Monday, February 26, 2007

Reason #16--Everyday People Dying Every Day

As much as I enjoyed many things about the Oscars last night--it's nice to see the recognition of Latino filmmakers and wins for Martin Scorcese, Forrest Whitaker and Jennifer Hudson--the adulation of Al Gore made me pretty ill. (At least that CEO married to William Friedkin had the humility to acknowledge that there was nothing particularly unique about having a cause in that crowd.) But most disturbing was the suggestion by the filmmakers of An Inconvenient Truth that this is an important response to Katrina, implying even that Al Gore--one of the architects of the dismantling of welfare in the 90s--doesn't have the blood of the Katrina dead on his hands. It's obscene to call him a hero in that context.

The terrifying possibility that Katrina might be reduced to an issue that can be addressed in terms of climate change misses the point of the violence that storm uncovered--the homicidal violence of poverty and neglect and a system that demands we ignore the murder of an entire class of people cast out.

This brings me to another reason we should be studying Marx in general and Wage, Labor & Capital in particular--Marx's analysis of profit. Marx's big picture ends with why the capitalist system gives us no choice but to fight it. He describes why it can't last; it can't keep from eating itself, and the longer we ignore the forward momentum, the higher the human toll in suffering.

But what fuels the train starts with the fundamental nature of profit. While Marx describes an inescapable fundamental law, like inertia, those who defend capitalism turn superstitious and vague when explaining where profits come from and where the system is going. For starters, they ignore industrialism much less the service economy we live in today. They will insist that supply and demand means that we exchange things of roughly equal value fairly so that everyone thrives. That's a system in which no one would get rich. And that's a system in which the split between the rich and the poor would not continue to widen as it has for over 3 decades now.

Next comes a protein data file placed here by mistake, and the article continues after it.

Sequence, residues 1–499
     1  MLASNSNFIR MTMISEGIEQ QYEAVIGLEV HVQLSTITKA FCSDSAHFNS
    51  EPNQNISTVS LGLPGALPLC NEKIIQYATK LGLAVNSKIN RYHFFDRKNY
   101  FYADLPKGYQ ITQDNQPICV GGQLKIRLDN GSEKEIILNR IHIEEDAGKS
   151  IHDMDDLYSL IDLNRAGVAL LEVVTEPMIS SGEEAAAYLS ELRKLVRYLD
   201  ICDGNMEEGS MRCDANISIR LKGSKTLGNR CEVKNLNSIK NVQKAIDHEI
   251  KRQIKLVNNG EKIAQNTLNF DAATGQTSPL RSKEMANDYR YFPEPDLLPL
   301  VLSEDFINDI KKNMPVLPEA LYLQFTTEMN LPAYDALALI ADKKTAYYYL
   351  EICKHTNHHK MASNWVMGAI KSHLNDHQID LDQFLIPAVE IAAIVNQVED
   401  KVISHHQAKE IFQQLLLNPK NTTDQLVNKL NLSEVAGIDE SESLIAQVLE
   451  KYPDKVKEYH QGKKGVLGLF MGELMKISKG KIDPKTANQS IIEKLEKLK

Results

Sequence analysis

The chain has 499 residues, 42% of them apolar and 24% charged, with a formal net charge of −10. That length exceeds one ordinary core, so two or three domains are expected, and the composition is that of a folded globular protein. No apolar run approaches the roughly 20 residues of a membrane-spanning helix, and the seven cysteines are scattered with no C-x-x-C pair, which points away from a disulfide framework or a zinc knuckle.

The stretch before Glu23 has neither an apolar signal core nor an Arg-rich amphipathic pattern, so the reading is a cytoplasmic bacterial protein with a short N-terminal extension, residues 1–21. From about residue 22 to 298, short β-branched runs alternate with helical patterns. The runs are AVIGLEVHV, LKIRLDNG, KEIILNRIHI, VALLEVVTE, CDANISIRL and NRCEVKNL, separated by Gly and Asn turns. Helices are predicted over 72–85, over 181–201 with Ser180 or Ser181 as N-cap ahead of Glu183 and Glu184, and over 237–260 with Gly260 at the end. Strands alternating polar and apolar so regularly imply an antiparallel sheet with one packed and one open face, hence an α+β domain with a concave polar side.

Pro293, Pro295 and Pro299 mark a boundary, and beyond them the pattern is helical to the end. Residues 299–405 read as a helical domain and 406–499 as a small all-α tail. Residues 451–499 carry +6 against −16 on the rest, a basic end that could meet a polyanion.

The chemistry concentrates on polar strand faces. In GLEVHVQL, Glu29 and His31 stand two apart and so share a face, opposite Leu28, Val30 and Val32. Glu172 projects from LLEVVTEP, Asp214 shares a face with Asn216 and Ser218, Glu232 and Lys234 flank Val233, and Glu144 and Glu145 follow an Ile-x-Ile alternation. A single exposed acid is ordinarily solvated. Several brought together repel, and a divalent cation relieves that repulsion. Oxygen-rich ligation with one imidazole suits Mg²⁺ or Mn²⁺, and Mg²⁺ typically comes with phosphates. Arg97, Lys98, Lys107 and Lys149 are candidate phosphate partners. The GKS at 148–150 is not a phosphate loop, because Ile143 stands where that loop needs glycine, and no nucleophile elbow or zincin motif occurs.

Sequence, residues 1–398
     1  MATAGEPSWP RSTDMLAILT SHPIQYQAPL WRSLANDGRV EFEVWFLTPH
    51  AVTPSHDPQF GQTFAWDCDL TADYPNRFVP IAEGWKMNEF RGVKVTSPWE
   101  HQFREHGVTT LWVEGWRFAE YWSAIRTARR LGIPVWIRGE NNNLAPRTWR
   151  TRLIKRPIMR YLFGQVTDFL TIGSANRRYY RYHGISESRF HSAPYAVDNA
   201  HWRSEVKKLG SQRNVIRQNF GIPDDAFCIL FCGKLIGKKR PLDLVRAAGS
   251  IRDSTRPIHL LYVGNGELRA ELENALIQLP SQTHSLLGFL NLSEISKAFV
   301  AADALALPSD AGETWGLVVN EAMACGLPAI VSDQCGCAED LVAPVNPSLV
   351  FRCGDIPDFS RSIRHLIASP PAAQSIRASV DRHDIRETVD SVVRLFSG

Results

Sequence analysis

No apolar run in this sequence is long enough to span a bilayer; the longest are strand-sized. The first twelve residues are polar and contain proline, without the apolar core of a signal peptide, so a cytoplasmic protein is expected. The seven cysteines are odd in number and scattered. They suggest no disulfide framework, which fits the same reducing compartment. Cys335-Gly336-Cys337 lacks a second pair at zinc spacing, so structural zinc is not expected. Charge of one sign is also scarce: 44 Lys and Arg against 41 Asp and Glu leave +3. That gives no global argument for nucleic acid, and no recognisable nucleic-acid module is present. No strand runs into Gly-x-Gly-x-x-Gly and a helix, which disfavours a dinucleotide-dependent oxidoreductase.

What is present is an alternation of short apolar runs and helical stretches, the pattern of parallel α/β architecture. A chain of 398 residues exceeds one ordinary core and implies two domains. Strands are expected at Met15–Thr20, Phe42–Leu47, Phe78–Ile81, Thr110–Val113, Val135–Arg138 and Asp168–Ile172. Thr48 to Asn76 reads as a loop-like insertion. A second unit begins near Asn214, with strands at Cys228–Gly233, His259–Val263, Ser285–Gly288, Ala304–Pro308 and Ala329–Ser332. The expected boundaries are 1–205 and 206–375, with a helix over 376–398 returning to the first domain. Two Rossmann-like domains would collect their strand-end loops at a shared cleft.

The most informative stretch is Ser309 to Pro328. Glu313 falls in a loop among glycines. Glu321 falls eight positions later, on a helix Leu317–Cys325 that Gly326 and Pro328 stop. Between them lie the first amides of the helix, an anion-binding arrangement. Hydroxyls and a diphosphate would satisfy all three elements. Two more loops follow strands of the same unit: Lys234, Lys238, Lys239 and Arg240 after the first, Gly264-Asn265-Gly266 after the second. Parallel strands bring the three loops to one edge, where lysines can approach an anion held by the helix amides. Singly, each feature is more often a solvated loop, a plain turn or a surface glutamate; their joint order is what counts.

Marx's explanation of profit is pretty simple to sketch out, but he did the math over and over again to make sure we got the point, most extensively in Capital, but the concise version is in WL&C.

It goes, roughly, like this. If I cook you a meal and trade that for an equivalent product of time, labor and resources--maybe a bowl you have made that I can use in my work--neither of us gets rich. But if I employ cooks and staff to feed 200 people a day, I can make more money by taking a percentage of my staff’s labor. That percentage that I squeeze out of my workers accumulates, and I get richer.

As Jared Diamond explains in his Pultizer Prize winning book Guns, Germs and Steel (a book even an uber capitalist like Bill Gates declares as “a foundation for understanding human history”), all societies that produce rich and poor are essentially the same. “The difference between a kleptocrat [a ruler everyone agrees gets rich by stealing from the people] and a wise statesman, between a robber baron and a public benefactor, is merely one of degree..."

Again, to paraphrase Wage, Labor & Capital, the fast food cook's pay has nothing to do with how hard she works, but the franchise owner’s profits do. Whether no one comes in the restaurant all day long and the total intake for the restaurant is less than $48 or whether the the restaurant makes $2000 that day, enough to pay the bus person, the server, the cook, the host, the bussers and the supervisor their combined $300 and profit by 5 times that, the cook gets paid the same.

The cook’s work has been paid for a set price just like the groceries that stock the restaurant's freezer or the salad bar, or the stove and dishwasher the employees use to meet customer's needs.

Even profit-sharing plans today are not figured on the individual's real output or the quality of a day’s work. Those profit sharing plans are figured to allow, first and foremost, for the profit of the company’s major share holders, who can generally buy out the employees whenever they wish.

The system is not built on the value of any individual's labor but on the potential of a class of people to be exploited. And it sure as hell has no respect for the individual who does not hold wealth. This is why today corporations have more civil rights than people do; why it's easier for a corporation to declare bankruptcy than a person. It's also why we'd much rather talk about global warming, inconvenient as it is, than the root cause that ties all of our environmental issues to the reasons why we leave our poor to die as a matter of course, whether or not they get washed down the street.